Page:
I’ve not seen any really short pre-rolls yet, for example 5 seconds, similar to those TV adverts for Big Brother with the “flashing eye” that appears in an ad break. This would be suited to more established brands for a short sharp branding hit, but over the next 6-12 months, I’m certain that creative agencies and advertisers will experiment more with the format.

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How much do they cost and how do you charge for them?

We charge pre-rolls on a CPM basis.  For pre-rolls on Ministryofsound.com/tv (which are clickable) our rate card is £25 CPM up to 10 seconds, £30 CPM up to 20 seconds and £35 CPM up to 30 seconds. For pre-rolls on our vodcasts (non-clickable) our rate card is £25 CPM up to 30 seconds.

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For advertisers, how does the RoI break down between banners and pre-roll video ads?

Drawing comparisons on click through rates between pre-roll video ads and banners, the performance is with the pre-rolls. 

The latest European figures from Adtech show the industry average click through rate for traditional banner ads is 0.18%. 

Most of our traditional format campaigns on Ministry of Sound run between 0.3% to over 1.0%, which is mostly down to the format, relevancy of the advertiser to our site and the quality of the creatives.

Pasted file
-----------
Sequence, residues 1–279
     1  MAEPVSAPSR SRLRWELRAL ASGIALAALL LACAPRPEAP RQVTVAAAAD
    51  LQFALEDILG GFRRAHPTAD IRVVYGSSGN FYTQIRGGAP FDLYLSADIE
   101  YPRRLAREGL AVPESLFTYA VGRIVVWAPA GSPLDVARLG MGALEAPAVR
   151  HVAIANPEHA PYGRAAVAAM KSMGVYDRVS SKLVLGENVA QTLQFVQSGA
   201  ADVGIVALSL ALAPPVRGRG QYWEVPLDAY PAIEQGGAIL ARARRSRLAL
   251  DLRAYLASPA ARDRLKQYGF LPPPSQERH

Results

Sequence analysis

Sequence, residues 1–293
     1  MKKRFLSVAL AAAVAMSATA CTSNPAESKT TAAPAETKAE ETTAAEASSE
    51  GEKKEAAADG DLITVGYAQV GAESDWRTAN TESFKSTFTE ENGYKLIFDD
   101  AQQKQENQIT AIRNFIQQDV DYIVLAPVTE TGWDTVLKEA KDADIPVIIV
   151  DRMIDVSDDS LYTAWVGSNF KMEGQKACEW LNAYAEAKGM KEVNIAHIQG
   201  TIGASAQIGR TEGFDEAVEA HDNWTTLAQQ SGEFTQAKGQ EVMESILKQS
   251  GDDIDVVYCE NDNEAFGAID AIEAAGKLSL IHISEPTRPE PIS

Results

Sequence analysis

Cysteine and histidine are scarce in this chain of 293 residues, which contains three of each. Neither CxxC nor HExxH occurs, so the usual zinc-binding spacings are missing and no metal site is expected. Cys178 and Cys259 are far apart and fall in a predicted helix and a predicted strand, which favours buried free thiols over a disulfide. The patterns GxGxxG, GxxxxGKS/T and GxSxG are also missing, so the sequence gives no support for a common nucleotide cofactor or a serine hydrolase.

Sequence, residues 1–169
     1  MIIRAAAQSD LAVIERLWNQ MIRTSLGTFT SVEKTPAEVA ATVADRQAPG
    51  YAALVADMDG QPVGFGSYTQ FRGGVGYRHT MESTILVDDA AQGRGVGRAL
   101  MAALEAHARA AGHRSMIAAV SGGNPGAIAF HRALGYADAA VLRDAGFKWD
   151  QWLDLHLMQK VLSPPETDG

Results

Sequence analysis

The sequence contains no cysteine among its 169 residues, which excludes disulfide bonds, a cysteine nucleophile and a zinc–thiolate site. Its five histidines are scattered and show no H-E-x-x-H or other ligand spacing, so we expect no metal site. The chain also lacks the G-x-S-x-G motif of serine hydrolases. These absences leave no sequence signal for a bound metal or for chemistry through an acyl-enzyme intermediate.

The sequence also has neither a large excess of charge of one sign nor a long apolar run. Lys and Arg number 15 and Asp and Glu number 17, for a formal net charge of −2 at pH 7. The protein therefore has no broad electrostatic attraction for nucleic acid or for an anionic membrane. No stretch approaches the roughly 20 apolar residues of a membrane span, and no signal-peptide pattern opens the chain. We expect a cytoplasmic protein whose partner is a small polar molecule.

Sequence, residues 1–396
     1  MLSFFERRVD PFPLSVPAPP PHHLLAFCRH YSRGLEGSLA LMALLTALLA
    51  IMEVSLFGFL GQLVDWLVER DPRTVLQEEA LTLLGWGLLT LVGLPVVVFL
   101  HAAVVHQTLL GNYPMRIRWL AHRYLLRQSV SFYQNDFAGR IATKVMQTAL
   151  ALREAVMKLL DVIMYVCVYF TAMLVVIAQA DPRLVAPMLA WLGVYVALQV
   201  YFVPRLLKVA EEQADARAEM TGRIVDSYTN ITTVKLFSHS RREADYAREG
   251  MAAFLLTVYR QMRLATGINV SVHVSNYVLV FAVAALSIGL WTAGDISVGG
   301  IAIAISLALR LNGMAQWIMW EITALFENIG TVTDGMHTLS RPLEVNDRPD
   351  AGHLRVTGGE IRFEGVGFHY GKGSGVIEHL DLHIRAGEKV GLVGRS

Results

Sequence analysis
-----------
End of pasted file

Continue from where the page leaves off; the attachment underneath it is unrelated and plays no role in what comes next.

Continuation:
With pre-roll campaigns on our video content we are achieving CTRs as high as 5-9%, demonstrating that pre-rolls are performing 50 times better than industry averages for traditional ad formats.

Measuring ROI on banners and pre-rolls can vary depending on whether the campaign is geared towards branding or direct response. 

There are also many ways in which agencies will measure the success of traditional or rich media formats, for example the reach of impressions served, the number of roll-overs, user initiated actions such as sound, or replay ad, click throughs to the site, brand awareness or recall and much more. 

There is a vast amount of available inventory on websites through display advertising, however there is a relatively lower amount of inventory as pre-rolls. 

For example, 6m impressions on Ministryofsound.com compared to 500,000 approx videos viewed (pre-roll inventory). While the CPM of a 30 second pre-roll may be approximately double that of a leaderboard format, pre-rolls are currently more efficient.

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What feedback have you had from users?

We have not seen any decrease in the number of our videos being watched, which indicate that the advertising campaigns we have executed have not turned away our audience. 

This is partly because the campaigns we’ve run are relevant to the audience. Some people only come to our website and watch a single dance video in a month, while others may watch 4 or 5 feature videos on Ibiza and return a couple of weeks later. 

If we were to carry irrelevant, un-engaging and lengthy pre-rolls, I’m sure our users would be quick to complain. This is not the case.

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Do you see novelty as a factor in the high click through rate?

Not at all, far from it. We make it clear for users to see on Ministryofsound.com/tv that the pre-roll is an advertisement. If you hover over the pre-roll it says “Click to visit website”, as well as the labelling of “Advertisement”.